The Convention prescribes procedures for combating international traffic for the purpose of prostitution, including extradition of offenders. It also prohibits the running of brothels and renting accommodation for prostitution purposes.
The Convention for the Suppression of the Traffic in Persons and of the Exploitation of the Prostitution of Others is a resolution of the UN General Assembly which declares that "the traffic in persons for the purpose of prostitution are incompatible with the dignity and worth of the human person". It was approved by the General Assembly on 2 December 1949 and came into effect on 25 July 1951. At 2007, there were 74 states parties to the convention, in which countries the Convention applies. Additionally, five states have signed the convention but have not yet ratified it.
Member States that have signed, ratified, and implemented the Convention are preventing prostitution by moral education and civics training, in and out of school, increasing the number of women among the State's personnel having direct contact with the populations concerned, eliminating discrimination that ostracizes prostitutes and makes their re-absorption into society more difficult, curbing the pornography industry and the trade in pornography and penalizing them very severely when minors are involved, punishing all forms of procuring in such a way as to deter it, particularly when it exploits minors and facilitating occupational training for and the re-absorption into society of persons rescued from prostitution.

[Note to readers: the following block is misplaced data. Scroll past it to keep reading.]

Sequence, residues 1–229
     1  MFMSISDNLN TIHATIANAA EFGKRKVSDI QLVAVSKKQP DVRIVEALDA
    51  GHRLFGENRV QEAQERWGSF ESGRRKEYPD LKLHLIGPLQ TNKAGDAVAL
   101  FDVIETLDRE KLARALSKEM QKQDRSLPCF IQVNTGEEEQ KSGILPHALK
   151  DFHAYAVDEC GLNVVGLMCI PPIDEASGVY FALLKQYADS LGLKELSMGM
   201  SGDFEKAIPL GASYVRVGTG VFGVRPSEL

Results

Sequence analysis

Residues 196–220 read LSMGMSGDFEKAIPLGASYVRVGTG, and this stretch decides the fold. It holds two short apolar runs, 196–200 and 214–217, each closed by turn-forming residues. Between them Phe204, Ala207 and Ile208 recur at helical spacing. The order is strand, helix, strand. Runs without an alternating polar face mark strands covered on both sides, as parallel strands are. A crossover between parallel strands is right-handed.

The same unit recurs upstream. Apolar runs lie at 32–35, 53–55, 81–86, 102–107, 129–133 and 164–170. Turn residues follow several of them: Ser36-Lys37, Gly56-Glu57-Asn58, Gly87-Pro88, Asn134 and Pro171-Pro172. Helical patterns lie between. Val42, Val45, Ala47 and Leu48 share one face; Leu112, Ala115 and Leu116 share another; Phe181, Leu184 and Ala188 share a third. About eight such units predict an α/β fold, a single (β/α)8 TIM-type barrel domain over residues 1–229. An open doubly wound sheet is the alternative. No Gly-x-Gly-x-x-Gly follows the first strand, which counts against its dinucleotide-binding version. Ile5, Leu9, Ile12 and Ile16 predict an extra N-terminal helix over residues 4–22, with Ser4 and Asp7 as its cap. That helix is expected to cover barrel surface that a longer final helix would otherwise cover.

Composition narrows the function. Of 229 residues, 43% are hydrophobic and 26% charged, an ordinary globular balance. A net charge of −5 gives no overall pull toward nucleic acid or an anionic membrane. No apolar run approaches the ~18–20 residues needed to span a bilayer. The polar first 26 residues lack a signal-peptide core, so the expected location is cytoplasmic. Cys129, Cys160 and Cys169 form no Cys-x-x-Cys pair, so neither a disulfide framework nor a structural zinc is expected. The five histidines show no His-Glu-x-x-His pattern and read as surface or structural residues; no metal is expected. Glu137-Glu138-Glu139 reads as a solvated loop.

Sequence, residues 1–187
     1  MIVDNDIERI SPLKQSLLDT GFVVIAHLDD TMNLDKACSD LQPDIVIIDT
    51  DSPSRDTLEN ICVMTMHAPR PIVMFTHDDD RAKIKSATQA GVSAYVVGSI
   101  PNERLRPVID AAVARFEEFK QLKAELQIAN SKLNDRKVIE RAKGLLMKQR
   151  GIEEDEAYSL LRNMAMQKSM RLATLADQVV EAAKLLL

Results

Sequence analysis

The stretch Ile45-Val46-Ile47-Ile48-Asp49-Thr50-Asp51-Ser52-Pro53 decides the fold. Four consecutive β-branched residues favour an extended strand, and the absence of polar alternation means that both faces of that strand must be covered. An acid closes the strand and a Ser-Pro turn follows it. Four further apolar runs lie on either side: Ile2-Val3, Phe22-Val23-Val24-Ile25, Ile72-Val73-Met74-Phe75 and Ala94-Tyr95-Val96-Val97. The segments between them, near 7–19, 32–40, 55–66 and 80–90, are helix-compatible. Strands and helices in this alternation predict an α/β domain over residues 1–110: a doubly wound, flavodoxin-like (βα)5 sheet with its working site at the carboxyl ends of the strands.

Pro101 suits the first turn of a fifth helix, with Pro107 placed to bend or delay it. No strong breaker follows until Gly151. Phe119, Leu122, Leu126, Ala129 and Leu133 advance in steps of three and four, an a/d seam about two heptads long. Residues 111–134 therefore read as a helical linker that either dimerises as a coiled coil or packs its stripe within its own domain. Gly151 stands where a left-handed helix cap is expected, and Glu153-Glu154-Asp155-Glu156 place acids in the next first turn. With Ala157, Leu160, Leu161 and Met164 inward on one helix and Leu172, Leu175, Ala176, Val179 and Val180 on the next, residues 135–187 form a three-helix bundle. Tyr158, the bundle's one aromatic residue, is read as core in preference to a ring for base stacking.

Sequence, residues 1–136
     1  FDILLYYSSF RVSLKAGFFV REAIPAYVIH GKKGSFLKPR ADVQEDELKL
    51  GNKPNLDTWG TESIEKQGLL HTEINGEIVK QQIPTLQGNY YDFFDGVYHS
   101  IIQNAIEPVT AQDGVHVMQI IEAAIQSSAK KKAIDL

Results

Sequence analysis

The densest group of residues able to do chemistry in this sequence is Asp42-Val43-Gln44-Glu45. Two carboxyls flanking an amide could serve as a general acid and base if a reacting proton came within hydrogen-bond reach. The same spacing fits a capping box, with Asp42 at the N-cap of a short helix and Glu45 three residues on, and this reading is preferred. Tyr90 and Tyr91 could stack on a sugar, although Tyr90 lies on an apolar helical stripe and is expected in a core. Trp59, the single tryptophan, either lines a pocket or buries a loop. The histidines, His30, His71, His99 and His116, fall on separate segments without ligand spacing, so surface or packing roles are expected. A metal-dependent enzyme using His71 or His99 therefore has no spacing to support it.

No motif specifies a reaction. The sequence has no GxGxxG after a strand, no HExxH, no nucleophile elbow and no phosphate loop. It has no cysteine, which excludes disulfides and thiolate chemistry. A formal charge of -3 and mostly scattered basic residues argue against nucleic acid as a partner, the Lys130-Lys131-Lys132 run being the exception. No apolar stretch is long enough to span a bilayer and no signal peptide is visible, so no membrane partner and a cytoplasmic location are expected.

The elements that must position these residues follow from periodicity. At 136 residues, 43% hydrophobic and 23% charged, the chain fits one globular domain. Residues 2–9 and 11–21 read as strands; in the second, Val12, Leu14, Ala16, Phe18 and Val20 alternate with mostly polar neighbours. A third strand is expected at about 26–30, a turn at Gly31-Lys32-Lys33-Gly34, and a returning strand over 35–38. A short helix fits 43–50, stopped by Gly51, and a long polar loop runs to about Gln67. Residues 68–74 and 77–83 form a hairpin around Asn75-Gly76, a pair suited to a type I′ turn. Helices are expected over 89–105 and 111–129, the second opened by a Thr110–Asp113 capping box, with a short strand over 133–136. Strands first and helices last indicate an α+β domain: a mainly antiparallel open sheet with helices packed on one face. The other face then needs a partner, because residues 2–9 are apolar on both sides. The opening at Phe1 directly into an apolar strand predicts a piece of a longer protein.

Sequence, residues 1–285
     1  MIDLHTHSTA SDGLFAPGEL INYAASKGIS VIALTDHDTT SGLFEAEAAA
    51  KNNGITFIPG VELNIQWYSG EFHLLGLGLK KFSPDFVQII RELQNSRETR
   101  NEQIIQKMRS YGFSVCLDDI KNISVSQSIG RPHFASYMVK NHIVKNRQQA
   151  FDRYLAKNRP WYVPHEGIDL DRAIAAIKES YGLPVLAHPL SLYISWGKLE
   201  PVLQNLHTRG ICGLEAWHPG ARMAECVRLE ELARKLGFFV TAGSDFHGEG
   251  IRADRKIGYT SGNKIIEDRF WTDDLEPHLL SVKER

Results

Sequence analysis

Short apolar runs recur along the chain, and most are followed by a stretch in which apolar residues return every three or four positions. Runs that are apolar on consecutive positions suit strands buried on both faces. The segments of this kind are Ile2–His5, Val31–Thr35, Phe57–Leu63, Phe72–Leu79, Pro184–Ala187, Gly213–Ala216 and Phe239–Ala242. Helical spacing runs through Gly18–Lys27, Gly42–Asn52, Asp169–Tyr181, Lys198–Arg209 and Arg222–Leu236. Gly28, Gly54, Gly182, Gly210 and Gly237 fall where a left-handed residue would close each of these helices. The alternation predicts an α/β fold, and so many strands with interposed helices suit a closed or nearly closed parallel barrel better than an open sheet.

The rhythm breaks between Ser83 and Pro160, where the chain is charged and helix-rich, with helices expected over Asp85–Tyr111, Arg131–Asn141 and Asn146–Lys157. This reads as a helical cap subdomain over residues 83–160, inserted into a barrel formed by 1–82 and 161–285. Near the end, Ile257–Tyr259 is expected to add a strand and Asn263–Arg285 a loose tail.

Member States are co-operating closely with one another in the search for missing persons and in the identification of international networks of procurers and, if they are members of the International Criminal Police Organisation, to co-operate with that organisation, requesting it to make the suppression of the traffic in persons one of its priorities. It also encourages programmes for use in schools and in the media concerning the image of women in society.